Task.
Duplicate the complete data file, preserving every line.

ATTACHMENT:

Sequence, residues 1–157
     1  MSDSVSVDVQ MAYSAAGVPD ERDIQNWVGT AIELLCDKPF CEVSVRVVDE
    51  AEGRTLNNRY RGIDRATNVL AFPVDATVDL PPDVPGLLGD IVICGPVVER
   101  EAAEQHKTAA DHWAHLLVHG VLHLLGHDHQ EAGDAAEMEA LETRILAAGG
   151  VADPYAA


Sequence, residues 1–157
     1  MSDSVSVDVQ MAYSAAGVPD ERDIQNWVGT AIELLCDKPF CEVSVRVVDE
    51  AEGRTLNNRY RGIDRATNVL AFPVDATVDL PPDVPGLLGD IVICGPVVER
   101  EAAEQHKTAA DHWAHLLVHG VLHLLGHDHQ EAGDAAEMEA LETRILAAGG
   151  VADPYAA